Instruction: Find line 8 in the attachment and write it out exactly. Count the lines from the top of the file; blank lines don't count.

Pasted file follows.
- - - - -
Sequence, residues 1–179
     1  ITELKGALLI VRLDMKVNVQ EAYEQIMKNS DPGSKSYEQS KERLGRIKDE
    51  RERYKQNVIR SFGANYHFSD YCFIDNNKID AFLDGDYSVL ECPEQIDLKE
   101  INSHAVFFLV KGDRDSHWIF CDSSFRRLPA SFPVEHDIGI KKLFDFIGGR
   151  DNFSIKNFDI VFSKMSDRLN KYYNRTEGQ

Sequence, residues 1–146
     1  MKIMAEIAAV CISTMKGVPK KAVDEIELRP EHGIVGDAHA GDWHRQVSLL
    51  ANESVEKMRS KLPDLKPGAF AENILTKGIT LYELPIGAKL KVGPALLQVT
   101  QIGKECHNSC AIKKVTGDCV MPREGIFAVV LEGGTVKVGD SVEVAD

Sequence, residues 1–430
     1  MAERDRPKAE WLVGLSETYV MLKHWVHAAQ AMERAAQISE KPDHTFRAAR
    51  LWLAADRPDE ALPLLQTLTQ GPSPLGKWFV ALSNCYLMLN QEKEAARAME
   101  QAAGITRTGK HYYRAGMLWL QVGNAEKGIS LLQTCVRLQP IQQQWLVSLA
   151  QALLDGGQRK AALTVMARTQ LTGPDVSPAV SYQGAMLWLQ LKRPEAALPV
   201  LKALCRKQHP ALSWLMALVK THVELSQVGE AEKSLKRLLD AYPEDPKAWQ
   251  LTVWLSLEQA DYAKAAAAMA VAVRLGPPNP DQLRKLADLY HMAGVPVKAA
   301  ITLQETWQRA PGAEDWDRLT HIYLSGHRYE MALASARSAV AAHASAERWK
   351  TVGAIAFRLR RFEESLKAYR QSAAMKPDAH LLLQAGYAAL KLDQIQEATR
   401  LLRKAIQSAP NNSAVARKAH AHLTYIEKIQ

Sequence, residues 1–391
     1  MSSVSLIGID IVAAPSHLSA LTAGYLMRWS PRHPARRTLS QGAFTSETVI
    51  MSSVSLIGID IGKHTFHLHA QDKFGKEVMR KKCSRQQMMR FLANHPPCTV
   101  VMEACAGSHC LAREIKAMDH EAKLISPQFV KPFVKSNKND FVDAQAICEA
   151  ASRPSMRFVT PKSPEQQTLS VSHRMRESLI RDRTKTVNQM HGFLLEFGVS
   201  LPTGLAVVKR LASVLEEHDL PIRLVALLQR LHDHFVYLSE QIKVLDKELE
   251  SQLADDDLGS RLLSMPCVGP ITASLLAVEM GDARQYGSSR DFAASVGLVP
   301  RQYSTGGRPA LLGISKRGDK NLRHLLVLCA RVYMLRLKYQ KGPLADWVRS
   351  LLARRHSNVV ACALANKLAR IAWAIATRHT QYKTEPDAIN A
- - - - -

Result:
    51  ANESVEKMRS KLPDLKPGAF AENILTKGIT LYELPIGAKL KVGPALLQVT